The production of a digital type foundry means that web presence becomes your main point of contact. Has operating remotely in New Zealand had any effect on you or your work?

I have always operated like this, so I have nothing to compare it with. However, I do love this way of working. I can dedicate long, uninterrupted hours to projects. I have the luxury of solitary concentration, but also enough outside contacts on whom I can rely for informed critical opinions.

Font piracy, coupled with a general lack of understanding in how licensing works has caused major grievances for your profession. Have you had any experiences with this? Do you have any insights into a potential solution?

The first time I saw Feijoa on a Russian pirate site was a shock, I have to admit. They’d ripped data out of a PDF and recreated the font—no kerning, reduced character set, no OpenType features. It was a parody of the original. But my shock subsided quickly—I realised that too much time would be wasted worrying and pursuing it. Pirates are pirates, if they want it they’ll get it. I prefer to focus on the honest side of the game, which is more plentiful than people realise.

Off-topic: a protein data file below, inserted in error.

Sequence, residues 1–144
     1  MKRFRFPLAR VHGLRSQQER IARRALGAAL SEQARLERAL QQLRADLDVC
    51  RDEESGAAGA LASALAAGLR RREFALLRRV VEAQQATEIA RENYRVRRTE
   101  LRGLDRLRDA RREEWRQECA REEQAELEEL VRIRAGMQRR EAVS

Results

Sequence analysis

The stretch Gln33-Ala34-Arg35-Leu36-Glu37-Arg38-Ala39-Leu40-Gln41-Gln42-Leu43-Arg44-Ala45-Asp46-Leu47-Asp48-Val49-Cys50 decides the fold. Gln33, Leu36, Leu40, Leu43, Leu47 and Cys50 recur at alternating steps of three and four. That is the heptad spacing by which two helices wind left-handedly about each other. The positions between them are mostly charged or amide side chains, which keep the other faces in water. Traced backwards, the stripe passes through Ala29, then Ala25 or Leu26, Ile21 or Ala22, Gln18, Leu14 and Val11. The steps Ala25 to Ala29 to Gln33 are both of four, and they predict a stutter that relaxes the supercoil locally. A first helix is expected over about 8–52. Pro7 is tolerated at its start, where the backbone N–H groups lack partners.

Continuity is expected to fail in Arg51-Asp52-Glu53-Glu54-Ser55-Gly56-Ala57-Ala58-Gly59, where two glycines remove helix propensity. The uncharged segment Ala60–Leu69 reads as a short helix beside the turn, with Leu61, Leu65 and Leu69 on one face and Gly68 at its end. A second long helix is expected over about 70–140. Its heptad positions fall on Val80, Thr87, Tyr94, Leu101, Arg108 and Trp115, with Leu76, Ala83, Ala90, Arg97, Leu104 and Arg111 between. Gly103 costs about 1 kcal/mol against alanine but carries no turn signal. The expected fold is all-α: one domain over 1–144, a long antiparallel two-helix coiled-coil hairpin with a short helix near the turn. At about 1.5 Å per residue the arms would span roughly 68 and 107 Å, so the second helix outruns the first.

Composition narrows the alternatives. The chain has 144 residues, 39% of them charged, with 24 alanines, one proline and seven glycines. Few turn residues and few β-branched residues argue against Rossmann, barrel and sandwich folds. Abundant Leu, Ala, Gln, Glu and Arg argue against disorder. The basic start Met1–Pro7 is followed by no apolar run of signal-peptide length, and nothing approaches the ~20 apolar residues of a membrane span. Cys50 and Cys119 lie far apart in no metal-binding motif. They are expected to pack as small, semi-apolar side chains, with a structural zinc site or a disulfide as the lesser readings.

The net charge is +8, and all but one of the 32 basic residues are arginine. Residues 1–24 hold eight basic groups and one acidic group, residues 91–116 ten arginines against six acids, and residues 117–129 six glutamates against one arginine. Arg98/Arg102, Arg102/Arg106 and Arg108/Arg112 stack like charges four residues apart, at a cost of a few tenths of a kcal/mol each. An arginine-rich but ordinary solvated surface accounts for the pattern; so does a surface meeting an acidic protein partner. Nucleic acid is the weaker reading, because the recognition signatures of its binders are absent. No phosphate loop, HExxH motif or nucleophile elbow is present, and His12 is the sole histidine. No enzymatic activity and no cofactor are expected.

Typeface design is a mammoth undertaking, particularly when you consider the sheer amount of work involved in creating a family with several versions/weights. Is your approach reliant on rules and fundamentals, or is it more about what ‘feels’ right?

It’s a mix of both. The rules and fundamentals underlie much of the construction and production of a family. The intuition part is more an aesthetic thing, it is totally arbitrary—like taste. I used to fret about why a ‘good’ idea wasn’t translating aesthetically. After I heard the saying, ‘if it looks right, it is right’ a lot of the worry vanished. Some things just can’t be forced. Just because you’ve put a lot of time into something doesn’t mean it’s automatically any good. You have to become a critical, savage editor of your own work. It’s very important to acknowledge when something ‘feels’ right, but not necessarily to understand why it feels right. It’s important to know how to fix something that isn’t working, rather than dissect what is working.